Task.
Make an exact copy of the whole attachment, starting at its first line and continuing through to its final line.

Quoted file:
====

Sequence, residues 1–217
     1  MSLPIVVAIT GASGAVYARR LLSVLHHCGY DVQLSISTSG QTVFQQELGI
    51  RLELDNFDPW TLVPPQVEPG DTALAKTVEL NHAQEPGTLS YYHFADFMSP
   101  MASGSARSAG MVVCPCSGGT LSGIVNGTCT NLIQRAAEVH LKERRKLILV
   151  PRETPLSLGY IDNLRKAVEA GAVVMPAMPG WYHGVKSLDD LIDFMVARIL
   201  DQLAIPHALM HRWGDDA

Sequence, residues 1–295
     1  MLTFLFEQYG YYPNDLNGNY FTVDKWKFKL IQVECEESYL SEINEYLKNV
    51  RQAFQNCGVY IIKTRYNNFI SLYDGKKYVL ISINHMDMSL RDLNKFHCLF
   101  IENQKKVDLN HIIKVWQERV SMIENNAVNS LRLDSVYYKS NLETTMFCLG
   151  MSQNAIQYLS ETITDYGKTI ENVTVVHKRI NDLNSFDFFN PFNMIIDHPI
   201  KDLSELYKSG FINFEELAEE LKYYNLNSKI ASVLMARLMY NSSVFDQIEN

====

Sequence, residues 1–217
     1  MSLPIVVAIT GASGAVYARR LLSVLHHCGY DVQLSISTSG QTVFQQELGI
    51  RLELDNFDPW TLVPPQVEPG DTALAKTVEL NHAQEPGTLS YYHFADFMSP
   101  MASGSARSAG MVVCPCSGGT LSGIVNGTCT NLIQRAAEVH LKERRKLILV
   151  PRETPLSLGY IDNLRKAVEA GAVVMPAMPG WYHGVKSLDD LIDFMVARIL
   201  DQLAIPHALM HRWGDDA

Sequence, residues 1–295
     1  MLTFLFEQYG YYPNDLNGNY FTVDKWKFKL IQVECEESYL SEINEYLKNV
    51  RQAFQNCGVY IIKTRYNNFI SLYDGKKYVL ISINHMDMSL RDLNKFHCLF
   101  IENQKKVDLN HIIKVWQERV SMIENNAVNS LRLDSVYYKS NLETTMFCLG
   151  MSQNAIQYLS ETITDYGKTI ENVTVVHKRI NDLNSFDFFN PFNMIIDHPI
   201  KDLSELYKSG FINFEELAEE LKYYNLNSKI ASVLMARLMY NSSVFDQIEN